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Torsion of Ovary

Torsion of the ovary occurs when there is some additional weight acquired by the normal ovary, usually in the form of an ovarian cyst (physiologic or pathologic). Embryologically, the ovary is a retroperitoneal structure and invaginates an envelope of peritoneum that covers it and the stalk of the ovary commonly referred to as the infundibulopelvic ligament. This arrangement allows the ovary to undergo torsion. In most cases, the torsion turns toward the midline, i.e., the right ovary twists clockwise, and the left ovary twists counterclockwise.

In the past, all such twisted ovaries were generally removed. It was accepted practice that the infundibulopelvic ligament be clamped prior to untwisting the ovary. Clamping the infundibulopelvic ligament first was said to prevent pulmonary embolism from the veins in the infundibuloplevic ligament. Very little data exists to confirm this point of view.

In younger women of the reproductive age group and those women who have completed their families but would still enjoy the benefits of a functioning ovary, salvage of this twisted ovary becomes an important issue. An ovary that has undergone torsion can be untwisted safely without pulmonary embolism. This can be done through an open laparotomy or through laparoscopy. The ovary can be safely untwisted and observed for the integrity of the vascular supply.

Physiologic Changes.  The obvious physiologic change and the greatest threat to the ovary through torsion is loss of blood supply.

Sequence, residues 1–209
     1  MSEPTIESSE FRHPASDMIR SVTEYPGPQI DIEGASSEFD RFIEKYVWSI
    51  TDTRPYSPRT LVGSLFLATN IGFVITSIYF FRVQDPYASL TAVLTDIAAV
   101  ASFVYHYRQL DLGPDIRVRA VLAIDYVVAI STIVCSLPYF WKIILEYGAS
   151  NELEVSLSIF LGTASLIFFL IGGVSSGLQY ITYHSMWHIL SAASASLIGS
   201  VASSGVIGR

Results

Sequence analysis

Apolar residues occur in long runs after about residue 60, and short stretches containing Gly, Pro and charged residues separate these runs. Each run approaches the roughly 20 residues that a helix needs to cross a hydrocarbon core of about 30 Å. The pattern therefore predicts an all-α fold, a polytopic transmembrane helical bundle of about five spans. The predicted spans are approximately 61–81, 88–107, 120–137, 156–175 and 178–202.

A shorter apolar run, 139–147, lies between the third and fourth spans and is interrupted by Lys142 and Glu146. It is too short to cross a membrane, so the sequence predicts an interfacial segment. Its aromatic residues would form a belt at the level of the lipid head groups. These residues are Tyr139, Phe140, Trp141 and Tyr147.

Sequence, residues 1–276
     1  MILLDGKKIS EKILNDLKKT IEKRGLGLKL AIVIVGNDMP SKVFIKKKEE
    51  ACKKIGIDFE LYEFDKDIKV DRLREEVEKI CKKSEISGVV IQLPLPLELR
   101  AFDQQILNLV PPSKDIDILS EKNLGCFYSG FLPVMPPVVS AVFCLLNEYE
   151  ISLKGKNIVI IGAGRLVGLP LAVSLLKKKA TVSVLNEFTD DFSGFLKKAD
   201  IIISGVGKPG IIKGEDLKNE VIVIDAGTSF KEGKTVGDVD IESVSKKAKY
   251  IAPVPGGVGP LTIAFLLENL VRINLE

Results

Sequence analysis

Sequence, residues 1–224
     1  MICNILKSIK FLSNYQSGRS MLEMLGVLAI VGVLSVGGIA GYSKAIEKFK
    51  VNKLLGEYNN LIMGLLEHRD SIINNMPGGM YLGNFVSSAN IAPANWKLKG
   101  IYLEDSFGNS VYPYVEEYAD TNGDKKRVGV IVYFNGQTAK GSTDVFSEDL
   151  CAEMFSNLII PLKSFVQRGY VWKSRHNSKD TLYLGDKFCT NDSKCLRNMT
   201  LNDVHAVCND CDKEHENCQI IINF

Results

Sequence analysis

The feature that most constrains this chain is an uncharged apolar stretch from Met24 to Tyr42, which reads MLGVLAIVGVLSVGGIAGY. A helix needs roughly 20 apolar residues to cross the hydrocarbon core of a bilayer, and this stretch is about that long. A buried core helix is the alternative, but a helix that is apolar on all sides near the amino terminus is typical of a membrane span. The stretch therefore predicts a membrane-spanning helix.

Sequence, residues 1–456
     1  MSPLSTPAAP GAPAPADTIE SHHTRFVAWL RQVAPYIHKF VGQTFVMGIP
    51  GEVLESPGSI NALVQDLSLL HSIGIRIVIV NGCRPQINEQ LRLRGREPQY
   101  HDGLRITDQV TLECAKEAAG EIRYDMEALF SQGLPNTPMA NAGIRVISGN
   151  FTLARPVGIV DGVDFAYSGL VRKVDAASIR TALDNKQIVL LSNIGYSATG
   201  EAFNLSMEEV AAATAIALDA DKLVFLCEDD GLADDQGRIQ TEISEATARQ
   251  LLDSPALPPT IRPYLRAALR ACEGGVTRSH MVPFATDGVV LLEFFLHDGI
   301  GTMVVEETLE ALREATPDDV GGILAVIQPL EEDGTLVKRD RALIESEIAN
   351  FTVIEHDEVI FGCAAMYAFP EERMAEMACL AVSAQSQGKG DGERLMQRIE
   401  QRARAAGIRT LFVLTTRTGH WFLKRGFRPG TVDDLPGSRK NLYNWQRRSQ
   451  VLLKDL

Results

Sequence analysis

If the ovary can be salvaged, it can become a functional organ for the production of important estrogen and progesterone production as well as ovulation for those women who desire pregnancy.

Points of Caution. The vascular integrity of the ovary must be demonstrated prior to completing the operation. Those ovaries that have undergone gangrene should be removed. The offending ovary cyst that produced the torsion in the first place should be excised.


The right ovary has rotated toward the midline (clockwise).

The ovary must be untwisted by hand if a laparotomy has been performed or with instruments such as grasping forceps if laparoscopy has been performed. At this point, observation should be made for vascularity of the ovary. Ovarian cystectomy should be completed at this time. (see the technique for ovarian cystectomy). The performance of the ovarian cystectomy may give an excellent indication of the intact blood supply of the ovary by noting fresh arterial bleeding from the margins of the cystectomy site.

If there is doubt, fluorescein dye may be injected in a peripheral vein.

After 5-10 minutes, a Wood's lamp with its ultraviolet ray will cause an ovary with good blood supply to fluoresce a yellowish color. An ovary without arterial perfusion will show up as a dark purple under a Wood's lamp ultraviolet ray. These steps can assure the surgeon that the ovary has either a good vascular supply or no vascular supply. This will aid in the decision to remove the ovary or retain it.

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